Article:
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Diphtheria Epidemic

Heroes Remember

We had a terrible epidemic of diphtheria in January, but I think it was February, I can’t remember dates at all. The “push to the Rhine” started and then the casualties just, it was incredible the amount of casualties we had. Somebody once told me, I don’t know if it was true, that we had more casualties go through the hospital in 30 days than any other hospital had ever had. It was, we just never stopped. Once they were stable they were into, onto an aircraft and over to U.K. The RCAF run the most marvellous service, evacuation, it was just wonderful. They could take so many, so many litters of stretchers, or so many sitting. They called them lyers and sitters, and once they were able to travel they were gone. So you never really got to know these patients, you know. Other things we had of course, they made it so marvelous for the men and for us, were things like penicillin. We had a wonderful whole blood supply. The blood was brought to us ready to, all we had to do was reconstitute it. Whole blood and lots of plasma. All the plasma, we could us just reconstitute it with distilled water or a saline, and we didn’t even have to clean up the equipment. It all went back in the packing boxes and more blood and more blood substitutes arrived. We had a whole series of things that other people didn’t have in World War One. Like their patients stayed with terrible, terrible infections for weeks and weeks and weeks, and we had our marvelous penicillin. It was a lot of work. You had to give it every three hours. The boys didn’t like it very much but anyway, it was so, it was like a miracle. And we had pentothal for an anaesthetic which was marvellous because you need it to give to patients. Just enough to carry through the operation and you can lift it so that by the time the surgery is over the patient is becoming conscious. Because there was no, there was no vomiting and all this sort of thing that went along with general anaesthetics before the war, so that was another wonderful thing that we had was pentothal. So we were fortunate in the blessings that we had and of course the other thing was we had great pals and great friends and everybody worked like Billy be damned. Everybody was going full out and nobody, you didn’t hear complaints or silly stuff. It was just, everybody was in it up to their heads and over, and everybody knew everybody else was trying their very hardest. So there wasn’t any back biting sort of stuff.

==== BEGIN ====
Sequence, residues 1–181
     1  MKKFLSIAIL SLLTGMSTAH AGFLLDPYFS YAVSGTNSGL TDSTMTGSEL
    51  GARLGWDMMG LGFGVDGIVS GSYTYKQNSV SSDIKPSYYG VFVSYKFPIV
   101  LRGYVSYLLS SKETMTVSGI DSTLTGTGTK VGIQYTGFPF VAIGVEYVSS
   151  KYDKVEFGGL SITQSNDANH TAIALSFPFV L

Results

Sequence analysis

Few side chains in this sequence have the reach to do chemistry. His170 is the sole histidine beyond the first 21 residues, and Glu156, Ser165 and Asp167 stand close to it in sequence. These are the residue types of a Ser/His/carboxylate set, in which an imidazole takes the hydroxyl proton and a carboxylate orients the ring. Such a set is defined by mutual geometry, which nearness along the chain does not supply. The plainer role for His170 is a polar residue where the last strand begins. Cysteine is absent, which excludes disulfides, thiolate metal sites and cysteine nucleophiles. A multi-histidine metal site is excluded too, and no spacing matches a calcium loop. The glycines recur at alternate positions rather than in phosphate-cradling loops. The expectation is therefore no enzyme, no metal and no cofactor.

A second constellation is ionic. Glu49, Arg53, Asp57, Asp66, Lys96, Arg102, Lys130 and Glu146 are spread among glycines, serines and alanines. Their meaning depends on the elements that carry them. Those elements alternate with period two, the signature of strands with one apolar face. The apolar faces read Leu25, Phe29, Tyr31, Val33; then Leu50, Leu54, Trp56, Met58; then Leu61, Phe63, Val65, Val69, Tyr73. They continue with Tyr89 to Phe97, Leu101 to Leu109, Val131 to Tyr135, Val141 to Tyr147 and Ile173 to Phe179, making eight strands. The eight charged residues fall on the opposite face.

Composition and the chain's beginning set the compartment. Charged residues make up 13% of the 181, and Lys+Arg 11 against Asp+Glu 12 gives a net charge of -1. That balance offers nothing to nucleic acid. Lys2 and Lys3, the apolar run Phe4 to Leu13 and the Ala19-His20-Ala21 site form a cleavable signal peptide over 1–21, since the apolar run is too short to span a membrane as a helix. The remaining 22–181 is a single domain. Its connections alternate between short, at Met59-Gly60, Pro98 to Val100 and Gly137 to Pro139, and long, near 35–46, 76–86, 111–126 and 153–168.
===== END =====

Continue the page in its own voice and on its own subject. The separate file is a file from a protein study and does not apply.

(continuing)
Ms. Sloan describes her medical involvement during a diphtheria epidemic during the “push to the Rhine” and how fortunate they were to have sufficient supplies of penicillin, penathol and plasma to treat the casualties

Hallie Sloan

Hallie Sloan was born in Winnipeg, Manitoba in 1920. At age ten, she and her family moved to Saskatoon, Saskatchewan. Ms. Sloan always had the desire to become a nurse and moved to Vancouver where she obtained a nursing degree at the Vancouver General Hospital. When war was declared she became very anxious to serve her country in the medical field. She decided to join the army. She held the rank of Lieutenant Colonel and Matron-in-Chief in the Medical Service, serving in Germany and many parts of Canada. After the war, Hallie continued her nursing career and devoted much of her time towards advocating the vital part that nursing sisters played during wartime service and post-war. Ms. Sloan was the National President of the Nursing Association of Canada (1994-1996) and was active in volunteer work. She has become a strong role model for the Nursing Sisters Association.

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Veterans Affairs Canada
Person Interviewed:
Hallie Sloan
War, Conflict or Mission:
Second World War

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